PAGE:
February 19, 2009 - The Aldrich Contemporary Art Museum - Robert Lazzarini: Guns and Knives
February 19, 2009

Robert Lazzarini: Guns and Knives

Robert Lazzarini, gun (i), 2008
Courtesy of the artist and Deitch Projects, New York

Opening at The Aldrich—
Robert Lazzarini 
Guns and Knives

Sunday, March 1, 2009; 3 to 5 pm

Round-Trip Transportation from NYC Available


258 Main Street
Ridgefield, CT 06877



Artist Robert Lazzarini will continue his exploration of the reconfiguration of objects in Guns and Knives at The Aldrich Contemporary Art Museum. This exhibition marks Lazzarini’s most ambitious manipulation of gallery space to date, and will remain on view through September 13, 2009.

The installation will feature all new work, including five .38 Smith and Wesson Model 10 revolvers and a cluster of kitchen knives, addressing repetition of the single object and variation within the group. Each sculpture on display is built from actual materials of functioning weapons, however they have been mathematically distorted in so many different directions that there is no standard perspective.

Lazzarini has augmented The Aldrich’s Leir Galley by subjecting the space to subtle wall transformations using compound planar and sine-wave distortions. He activates not only the sculptural figures, but also the visual ground on which they are presented, emphasizing the dislocation of the viewer within the space. The lighting in the gallery reduces shadows and further alters the viewer’s perception of dimension.

This body of work is a meditation on fear and violence, contrasting reductive display with charged subject matter and its inherent rational and irrational aspects. Lazzarini says, “The work comes out of my thoughts on murder and the corporeal implications of these particular objects.”

Aldrich director and exhibition curator Harry Philbrick comments, “As there is no normative point of view, the installation forces viewers to move around the objects within the space, and to observe firearms, sometimes for the first time, in an unusual way. For instance, for a viewer to observe a revolver as they imagine it in their mind’s eye, they might have to position themselves so that they are forced to look directly down the barrel of the gun. This contributes to the physical apprehension of the viewer in confronting the object.”

Robert Lazzarini will give a gallery talk about Guns and Knives at Behind the Scenes, a members-only private preview, on Friday, February 27, 2009, from 6:30 to 8 pm at the Museum.

The Museum will celebrate the exhibition at a public reception on Sunday, March 1, 2009, from 3 to 5 pm. Refreshments will be served. Round-trip transportation from New York City is available.

ALSO OPENING: In addition to Robert Lazzarini: Guns and Knives (through September 13, 2009), the Museum will celebrate the debut of Dave Cole: Flags of the World (through May 31, 2009); Alejandro Diaz: Blame it on Mexico (through June 7); Frank Poor: Enon Cemetery—Main Street Sculpture Project (through May 24); and David Taylor: Frontier/Frontera (through May 31) at the reception.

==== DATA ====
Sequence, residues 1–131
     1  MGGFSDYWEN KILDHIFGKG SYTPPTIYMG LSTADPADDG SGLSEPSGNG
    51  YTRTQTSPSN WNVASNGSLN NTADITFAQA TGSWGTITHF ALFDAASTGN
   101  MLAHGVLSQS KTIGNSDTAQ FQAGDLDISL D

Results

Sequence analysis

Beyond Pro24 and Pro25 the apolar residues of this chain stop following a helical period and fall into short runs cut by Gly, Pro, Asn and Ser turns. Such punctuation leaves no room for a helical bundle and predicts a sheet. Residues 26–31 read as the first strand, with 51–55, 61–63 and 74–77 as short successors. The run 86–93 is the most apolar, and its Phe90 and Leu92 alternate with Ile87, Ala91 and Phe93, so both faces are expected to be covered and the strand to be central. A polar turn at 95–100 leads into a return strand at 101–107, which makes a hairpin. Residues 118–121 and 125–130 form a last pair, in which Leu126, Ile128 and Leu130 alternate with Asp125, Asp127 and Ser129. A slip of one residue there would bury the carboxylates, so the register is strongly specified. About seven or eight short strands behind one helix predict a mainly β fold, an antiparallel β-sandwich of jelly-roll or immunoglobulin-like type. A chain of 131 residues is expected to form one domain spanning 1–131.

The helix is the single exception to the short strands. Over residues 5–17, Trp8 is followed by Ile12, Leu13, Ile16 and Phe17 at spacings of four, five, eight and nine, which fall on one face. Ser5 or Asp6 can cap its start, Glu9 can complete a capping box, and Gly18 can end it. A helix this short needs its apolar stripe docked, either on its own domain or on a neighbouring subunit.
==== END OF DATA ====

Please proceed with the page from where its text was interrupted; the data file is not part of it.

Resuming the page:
ALSO ON VIEW: Full Circle: Ten Years of Radius (through June 7, 2009); Kwang-Young Chun: The Soul—Journey to America (through May 24); and Video A—Harry Shearer: The Silent Echo Chamber (through May 31) will also be on view.

The Aldrich is supported, in part, by the Connecticut Commission on Culture & Tourism, the National Endowment for the Arts, and the Institute for Museum and Library Services.

Robert Lazzarini is represented by Deitch Projects, New York. The Museum wishes to thank Waqas Wajahat, New York, for his help in realizing this exhibition.

Guns and Knives will travel to Deitch Projects in November 2009 following its debut at The Aldrich.

THE ARTIST: Robert Lazzarini, born 1965 in New Jersey, received his BFA from the School of Visual Arts. He is primarily known for his sculptures and installations that alter perception and explore the relationship between image and object. His work has been exhibited both nationally and internationally in venues such as the Whitney Museum of American Art, the Virginia Museum of Fine Arts, the Wadsworth Atheneum, the Tapei Museum of Contemporary Art, the Deste Foundation, and the Kunsthalle Berne. His work is in the permanent collections of Hirshhorn Museum and Sculpture Garden, Washington, DC; Milwaukee Art Museum; The Mint Museum, Charlotte, NC; the Newark Museum, NJ; the Toledo Museum of Art, OH; Walker Art Center, Minneapolis; Whitney Museum of American Art, New York; and Davidson College, NC, among others. Lazzarini is currently a Visual Arts Fellow at the Neiman Center for Print Studies, Columbia University; he lives in New York and works in Brooklyn.

THE MUSEUM: The Aldrich is one of the few non-collecting contemporary art museums in the United States. Founded on Ridgefield’s historic Main Street in 1964, the Museum enjoys the curatorial independence of an alternative space while maintaining the registrarial and art-handling standards of a national institution. Exhibitions feature work by emerging and mid-career artists, and education programs help adults and children to connect to today’s world through contemporary art. The Museum is located at 258 Main Street, Ridgefield, CT 06877. All exhibitions and programs are handicapped accessible. Free on-site parking. Regular Museum hours are Tuesday through Sunday, 12 noon to 5 pm. For more information call 203.438.4519.

Pamela Ruggio

The Aldrich Contemporary Art Museum
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